The opposition, which initiated the committee session via a petition, claims that the committee was not duly convened and therefore the session could not be said to have taken place. Opposition parties wanted to look into the crime of abuse of a public official’s powers in connection with a traffic offence committed by entrepreneur Bašternák.
Committee chairman Anton Hrnko (Slovak National Party-SNS) thinks that this is not an issue for MPs, however. “A lot of similar events happen when a person caught committing a road traffic offence tries to make use of their links,” he said, as quoted by the TASR newswire. “The committee has much more important things to do than deal with these affairs, and I don’t see any need for us to meet over each incident of misconduct like this.”
Bašternák and police interventions
According to a police record available to Opposition MP Daniel Lipšic (Ordinary People-Independent Personalities; OĽaNO-NOVA), a police patrol stopped Bašternák on June 29, 2012 after he had veered across a solid line in the middle of the road while driving. He did not have a seat belt on and refused to turn off his engine when the police officers asked him to do so. A police officer wanted to levy a fine of €150. According to the record, Bašternák made a phone call and asked for the name of the police officer and the name of the station at which he was based. Subsequently, the officer received a phone call from his superior, ordering him to leave Bašternák alone. Nonetheless, the police officers did not relent and even wanted to seize Bašternák’s driving licence. The entrepreneur eventually paid a fine of €150.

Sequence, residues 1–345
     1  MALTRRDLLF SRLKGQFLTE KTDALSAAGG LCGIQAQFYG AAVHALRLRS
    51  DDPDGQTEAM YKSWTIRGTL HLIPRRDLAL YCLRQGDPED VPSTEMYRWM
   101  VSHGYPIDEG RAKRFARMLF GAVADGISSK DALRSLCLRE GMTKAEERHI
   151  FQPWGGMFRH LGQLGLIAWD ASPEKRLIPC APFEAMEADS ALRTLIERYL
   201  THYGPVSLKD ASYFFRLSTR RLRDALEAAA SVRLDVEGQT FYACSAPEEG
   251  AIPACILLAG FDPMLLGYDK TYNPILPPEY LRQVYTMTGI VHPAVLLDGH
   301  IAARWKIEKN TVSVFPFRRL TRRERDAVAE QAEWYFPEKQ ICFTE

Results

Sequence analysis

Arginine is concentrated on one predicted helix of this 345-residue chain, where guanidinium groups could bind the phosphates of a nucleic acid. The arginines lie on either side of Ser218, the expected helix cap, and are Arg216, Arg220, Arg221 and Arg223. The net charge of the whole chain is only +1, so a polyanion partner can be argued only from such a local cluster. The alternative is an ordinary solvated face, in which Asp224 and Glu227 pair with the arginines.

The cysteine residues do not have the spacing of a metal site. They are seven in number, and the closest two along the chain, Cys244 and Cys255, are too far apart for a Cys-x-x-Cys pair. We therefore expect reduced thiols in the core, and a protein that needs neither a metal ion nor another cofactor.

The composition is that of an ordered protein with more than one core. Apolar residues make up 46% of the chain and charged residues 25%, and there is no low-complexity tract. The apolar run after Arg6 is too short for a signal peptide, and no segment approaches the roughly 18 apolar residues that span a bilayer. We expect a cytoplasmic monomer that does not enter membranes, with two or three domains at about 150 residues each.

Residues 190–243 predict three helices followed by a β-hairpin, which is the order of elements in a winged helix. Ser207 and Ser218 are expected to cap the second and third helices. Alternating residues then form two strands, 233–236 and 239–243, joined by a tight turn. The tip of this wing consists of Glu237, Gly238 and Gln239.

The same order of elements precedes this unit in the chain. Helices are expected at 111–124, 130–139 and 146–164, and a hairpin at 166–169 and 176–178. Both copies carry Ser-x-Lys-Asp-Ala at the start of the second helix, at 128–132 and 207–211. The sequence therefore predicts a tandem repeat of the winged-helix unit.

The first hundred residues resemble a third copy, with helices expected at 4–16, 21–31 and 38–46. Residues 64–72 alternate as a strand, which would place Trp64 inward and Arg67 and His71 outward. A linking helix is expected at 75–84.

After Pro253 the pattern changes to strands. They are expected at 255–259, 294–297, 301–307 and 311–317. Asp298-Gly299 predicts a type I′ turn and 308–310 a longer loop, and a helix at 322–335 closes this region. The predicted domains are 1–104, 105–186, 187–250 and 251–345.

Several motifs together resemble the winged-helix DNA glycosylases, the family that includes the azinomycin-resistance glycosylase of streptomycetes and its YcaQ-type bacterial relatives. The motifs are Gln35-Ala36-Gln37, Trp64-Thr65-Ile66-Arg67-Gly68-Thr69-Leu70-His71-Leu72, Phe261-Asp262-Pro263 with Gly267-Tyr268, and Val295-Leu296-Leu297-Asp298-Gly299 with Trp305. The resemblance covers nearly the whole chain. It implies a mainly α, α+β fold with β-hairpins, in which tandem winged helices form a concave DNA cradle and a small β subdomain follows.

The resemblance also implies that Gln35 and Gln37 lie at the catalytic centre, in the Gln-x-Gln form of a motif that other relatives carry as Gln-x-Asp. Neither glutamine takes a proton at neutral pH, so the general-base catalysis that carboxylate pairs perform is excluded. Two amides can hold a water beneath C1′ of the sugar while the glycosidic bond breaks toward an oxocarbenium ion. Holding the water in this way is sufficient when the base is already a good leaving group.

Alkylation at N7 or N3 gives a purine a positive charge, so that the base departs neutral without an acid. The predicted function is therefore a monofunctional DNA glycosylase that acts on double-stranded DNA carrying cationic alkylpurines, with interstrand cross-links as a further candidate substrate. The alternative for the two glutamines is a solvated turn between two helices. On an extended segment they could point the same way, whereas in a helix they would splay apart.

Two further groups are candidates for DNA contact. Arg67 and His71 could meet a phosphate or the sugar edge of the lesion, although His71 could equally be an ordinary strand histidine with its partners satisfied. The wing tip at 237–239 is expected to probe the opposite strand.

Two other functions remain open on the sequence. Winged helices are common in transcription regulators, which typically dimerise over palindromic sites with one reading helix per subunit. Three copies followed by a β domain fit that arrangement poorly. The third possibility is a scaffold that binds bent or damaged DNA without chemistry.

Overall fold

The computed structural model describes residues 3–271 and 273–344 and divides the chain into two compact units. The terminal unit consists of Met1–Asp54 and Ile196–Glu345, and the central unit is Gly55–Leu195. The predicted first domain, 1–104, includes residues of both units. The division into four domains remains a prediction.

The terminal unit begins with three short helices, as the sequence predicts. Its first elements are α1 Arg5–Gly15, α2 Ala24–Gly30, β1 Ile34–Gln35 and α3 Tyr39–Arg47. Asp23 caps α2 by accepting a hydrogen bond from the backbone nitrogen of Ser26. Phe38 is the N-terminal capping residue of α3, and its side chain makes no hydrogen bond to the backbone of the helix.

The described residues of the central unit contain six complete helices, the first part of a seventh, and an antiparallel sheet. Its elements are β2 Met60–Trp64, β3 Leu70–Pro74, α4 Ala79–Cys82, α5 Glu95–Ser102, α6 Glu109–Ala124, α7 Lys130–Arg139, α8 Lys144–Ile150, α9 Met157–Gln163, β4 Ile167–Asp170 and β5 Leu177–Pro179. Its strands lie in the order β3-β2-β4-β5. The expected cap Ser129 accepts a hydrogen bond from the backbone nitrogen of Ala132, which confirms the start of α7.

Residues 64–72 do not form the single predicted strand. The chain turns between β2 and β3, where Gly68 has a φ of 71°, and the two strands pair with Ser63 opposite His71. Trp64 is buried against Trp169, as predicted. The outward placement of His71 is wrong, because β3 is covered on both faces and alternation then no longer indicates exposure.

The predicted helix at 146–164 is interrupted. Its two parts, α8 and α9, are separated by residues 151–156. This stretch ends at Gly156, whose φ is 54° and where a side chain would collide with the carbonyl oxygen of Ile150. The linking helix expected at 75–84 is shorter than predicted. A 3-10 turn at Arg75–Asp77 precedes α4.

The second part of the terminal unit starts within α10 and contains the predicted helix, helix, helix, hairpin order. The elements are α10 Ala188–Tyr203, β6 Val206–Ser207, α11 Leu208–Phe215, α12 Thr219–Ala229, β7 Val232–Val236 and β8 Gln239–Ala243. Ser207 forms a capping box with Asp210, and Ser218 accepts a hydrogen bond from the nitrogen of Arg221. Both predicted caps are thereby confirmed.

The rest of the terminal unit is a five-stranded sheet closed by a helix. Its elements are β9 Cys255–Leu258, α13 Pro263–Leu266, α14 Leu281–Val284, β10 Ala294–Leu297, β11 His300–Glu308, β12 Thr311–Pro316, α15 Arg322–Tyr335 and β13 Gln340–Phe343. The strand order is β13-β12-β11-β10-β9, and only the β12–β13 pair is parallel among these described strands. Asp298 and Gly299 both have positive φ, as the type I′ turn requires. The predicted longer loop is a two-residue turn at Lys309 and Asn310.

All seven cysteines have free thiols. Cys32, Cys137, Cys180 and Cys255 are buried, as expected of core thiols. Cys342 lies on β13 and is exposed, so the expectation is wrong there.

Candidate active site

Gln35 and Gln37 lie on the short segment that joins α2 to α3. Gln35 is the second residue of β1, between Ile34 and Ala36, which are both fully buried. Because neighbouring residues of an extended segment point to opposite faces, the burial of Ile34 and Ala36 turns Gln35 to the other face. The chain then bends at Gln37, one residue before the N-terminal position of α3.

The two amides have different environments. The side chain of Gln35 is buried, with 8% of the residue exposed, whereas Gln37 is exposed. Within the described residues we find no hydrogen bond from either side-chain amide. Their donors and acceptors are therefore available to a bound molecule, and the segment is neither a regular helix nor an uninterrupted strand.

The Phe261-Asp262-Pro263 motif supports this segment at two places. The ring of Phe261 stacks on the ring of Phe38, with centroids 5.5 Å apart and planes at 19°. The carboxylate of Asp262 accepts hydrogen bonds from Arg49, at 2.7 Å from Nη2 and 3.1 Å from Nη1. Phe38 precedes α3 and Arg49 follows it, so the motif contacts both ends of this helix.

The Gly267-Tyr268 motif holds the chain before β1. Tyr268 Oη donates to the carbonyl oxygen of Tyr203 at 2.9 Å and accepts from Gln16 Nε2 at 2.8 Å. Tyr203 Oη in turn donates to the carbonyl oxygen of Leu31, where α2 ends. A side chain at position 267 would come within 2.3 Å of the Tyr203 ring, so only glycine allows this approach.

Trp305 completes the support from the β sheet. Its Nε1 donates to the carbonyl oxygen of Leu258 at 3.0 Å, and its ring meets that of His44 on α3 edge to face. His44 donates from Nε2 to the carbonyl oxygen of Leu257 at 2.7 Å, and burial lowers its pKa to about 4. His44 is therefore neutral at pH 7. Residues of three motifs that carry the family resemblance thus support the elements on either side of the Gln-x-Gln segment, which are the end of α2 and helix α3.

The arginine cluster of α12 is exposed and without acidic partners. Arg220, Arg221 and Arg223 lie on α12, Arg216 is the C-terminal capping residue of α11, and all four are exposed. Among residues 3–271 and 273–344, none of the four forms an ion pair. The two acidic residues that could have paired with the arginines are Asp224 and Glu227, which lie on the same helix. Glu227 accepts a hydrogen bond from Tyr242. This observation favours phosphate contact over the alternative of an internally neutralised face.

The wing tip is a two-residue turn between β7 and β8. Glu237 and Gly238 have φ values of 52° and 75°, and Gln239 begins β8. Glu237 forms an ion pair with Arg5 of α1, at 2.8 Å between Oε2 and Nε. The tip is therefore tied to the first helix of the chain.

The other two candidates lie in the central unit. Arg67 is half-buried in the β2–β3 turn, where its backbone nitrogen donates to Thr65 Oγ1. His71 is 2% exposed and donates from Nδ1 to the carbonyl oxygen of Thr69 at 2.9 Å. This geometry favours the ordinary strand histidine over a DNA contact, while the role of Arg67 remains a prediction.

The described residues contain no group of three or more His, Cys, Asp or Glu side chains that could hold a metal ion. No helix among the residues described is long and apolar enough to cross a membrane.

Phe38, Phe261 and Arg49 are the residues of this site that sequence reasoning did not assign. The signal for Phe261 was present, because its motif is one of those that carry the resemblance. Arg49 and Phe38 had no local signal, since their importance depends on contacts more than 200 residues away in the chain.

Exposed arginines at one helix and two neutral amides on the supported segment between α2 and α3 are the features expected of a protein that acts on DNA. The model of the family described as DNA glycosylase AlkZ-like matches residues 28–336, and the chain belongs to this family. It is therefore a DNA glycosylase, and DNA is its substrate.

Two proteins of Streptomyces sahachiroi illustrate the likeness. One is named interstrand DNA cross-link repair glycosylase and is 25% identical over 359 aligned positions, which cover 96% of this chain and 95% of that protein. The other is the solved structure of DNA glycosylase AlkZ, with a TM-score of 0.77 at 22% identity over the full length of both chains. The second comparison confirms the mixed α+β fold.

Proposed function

The opposition views Bašternák’s behaviour as arrogant and claims that the Interior Minister’s inspection probably swept the potential pressurisation of these police officers under the carpet.
Ľubomír Galko (Freedom and Solidarity-SaS) and Richard Vašečka (OĽaNO-NOVA) called on the Interior Minister Robert Kaliňák to strip the police patrol that stopped Bašternák of their obligation of confidentiality. However, they assume that he will not do so. Meanwhile, they called on Kaliňák to step down from his post, thereby enabling a proper investigation into the Bašternák tax case related to shady VAT refunds amounting to millions of euros. “Bašternák should have been sitting behind bars a long time ago,” said Galko.
During an opposition attempt to oust him in parliament, Kaliňák said that he has a different document from the one held by Lipšic. His document does not contain a section concerning pressure put on the police officers. It was signed by the two police officers concerned and is a part of the file. Kaliňák accused Lipšic of working with fake documents.
15. Jun 2016 at 23:51 | Compiled by Spectator staff